Home » The Dark Side of The Education System In The USA

The Dark Side of The Education System In The USA

by Uneeb Khan

Education is the basic tenet of the society – the essential that nurtures the future generation. Therefore, it is crucial to ensure that countries worldwide pay major attention to the same and its evolution. But not all countries have enough resources, both in terms of funds and volunteers to do so. Thankfully, world organizations are taking serious steps to make the education world a better place in these backward countries. If you need history case study help then you should contact our top assignment writers.

But do the front-end countries who have the best facilities and who claim themselves to be the world leaders provide quality and efficient education?

Although not all of them, there are few who fail to do so efficiently. And one of them is the United States of America. Surprising right? Based on the Program for International Student Assessment, or PISA, the Organization for Economic Cooperation and Development (OECD) published its global rankings of student achievement in math, reading, and science a few years ago. According to the same, the United States is far from the top ranks when it comes to educational outcomes. According to the most recent PISA results, the United States’ math performance in recent times has dropped by 11 points, placing it in 35th place overall and 20 points below the OECD average. On the other hand, students in the nation performed somewhat above average in reading and science.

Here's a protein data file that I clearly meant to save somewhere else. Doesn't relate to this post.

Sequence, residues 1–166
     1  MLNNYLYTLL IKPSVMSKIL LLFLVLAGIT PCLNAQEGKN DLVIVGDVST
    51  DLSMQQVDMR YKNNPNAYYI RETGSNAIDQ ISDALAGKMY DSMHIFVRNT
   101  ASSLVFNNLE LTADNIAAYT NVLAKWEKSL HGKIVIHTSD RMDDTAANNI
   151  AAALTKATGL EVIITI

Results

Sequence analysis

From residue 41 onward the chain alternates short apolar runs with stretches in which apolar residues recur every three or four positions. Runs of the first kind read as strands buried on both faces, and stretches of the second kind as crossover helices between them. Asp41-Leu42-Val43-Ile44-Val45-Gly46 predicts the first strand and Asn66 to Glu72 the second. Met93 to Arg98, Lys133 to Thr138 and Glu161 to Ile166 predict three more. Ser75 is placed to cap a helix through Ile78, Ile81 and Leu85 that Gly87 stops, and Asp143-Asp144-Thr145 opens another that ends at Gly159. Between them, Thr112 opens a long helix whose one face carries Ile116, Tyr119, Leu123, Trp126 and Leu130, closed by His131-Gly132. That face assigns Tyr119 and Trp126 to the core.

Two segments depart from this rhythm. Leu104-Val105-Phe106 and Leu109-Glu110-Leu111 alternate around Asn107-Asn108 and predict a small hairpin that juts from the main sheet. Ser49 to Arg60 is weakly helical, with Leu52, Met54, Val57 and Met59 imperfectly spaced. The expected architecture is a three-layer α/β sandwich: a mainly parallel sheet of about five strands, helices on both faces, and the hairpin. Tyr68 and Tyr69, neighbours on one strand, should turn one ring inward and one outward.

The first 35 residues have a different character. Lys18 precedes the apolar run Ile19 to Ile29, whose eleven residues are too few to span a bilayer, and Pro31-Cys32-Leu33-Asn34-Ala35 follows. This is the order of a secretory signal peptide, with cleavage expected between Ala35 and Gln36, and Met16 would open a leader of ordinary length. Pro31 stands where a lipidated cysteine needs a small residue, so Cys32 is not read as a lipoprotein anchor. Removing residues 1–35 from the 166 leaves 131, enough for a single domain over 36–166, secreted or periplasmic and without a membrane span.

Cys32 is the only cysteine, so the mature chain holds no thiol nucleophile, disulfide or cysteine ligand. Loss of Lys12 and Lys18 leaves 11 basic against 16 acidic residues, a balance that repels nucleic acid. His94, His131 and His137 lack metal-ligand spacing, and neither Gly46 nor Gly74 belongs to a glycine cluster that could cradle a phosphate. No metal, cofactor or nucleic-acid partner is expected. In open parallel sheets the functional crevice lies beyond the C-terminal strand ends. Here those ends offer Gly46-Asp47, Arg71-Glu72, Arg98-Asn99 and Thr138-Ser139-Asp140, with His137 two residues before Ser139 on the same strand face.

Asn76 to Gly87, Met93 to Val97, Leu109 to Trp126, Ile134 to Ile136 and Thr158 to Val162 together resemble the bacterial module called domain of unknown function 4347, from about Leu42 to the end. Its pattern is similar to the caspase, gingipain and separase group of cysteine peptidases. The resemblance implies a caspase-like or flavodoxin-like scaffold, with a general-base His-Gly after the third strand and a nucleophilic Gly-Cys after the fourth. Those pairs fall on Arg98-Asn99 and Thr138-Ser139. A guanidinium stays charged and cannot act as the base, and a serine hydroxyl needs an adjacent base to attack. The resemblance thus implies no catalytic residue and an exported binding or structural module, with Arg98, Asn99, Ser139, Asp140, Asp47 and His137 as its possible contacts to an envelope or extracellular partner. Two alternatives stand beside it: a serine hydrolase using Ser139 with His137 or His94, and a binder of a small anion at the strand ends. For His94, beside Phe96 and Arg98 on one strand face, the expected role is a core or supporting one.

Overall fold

The discussion of how to strengthen the educational system in the United States is contentious, difficult, and loaded with huge stakes. Below are five of the first actions lawmakers and other authorities should do in what is certain to be a multi-decade, multistep process to improve student outcomes. This is done in the interest of finding acceptable places to start.

5 Areas to Concentrate in the Education Sector in America

1. Acknowledge and address overcrowding

According to a National Center for Education Statistics research, 14% of US schools are overcrowded. So naturally, the issue is widespread and disproportionately impacts low-income and minority students. For instance, around one in five primary kids in Chicago Public Schools begin the academic year in overcrowded classrooms.

It has repeatedly been demonstrated that classrooms with too many students are less effective:

  • Students don’t receive the individualized care or attention they need, and teachers are overworked.
  • Students get disinterested, which creates the conditions for leaving school.
  • Both teachers and kids experience more stress.

Overcrowding in schools is not a recent problem. According to a survey, the overcrowding in their classrooms left both kids and teachers feeling overwhelmed, frustrated, and occasionally disgusted. Additionally, teachers in overcrowded schools frequently complain about a lack of resources or that their facilities are subpar. Due to a lack of space, courses may need to be given in non-instructional spaces like gymnasiums, which can increase stress levels for both students and teachers.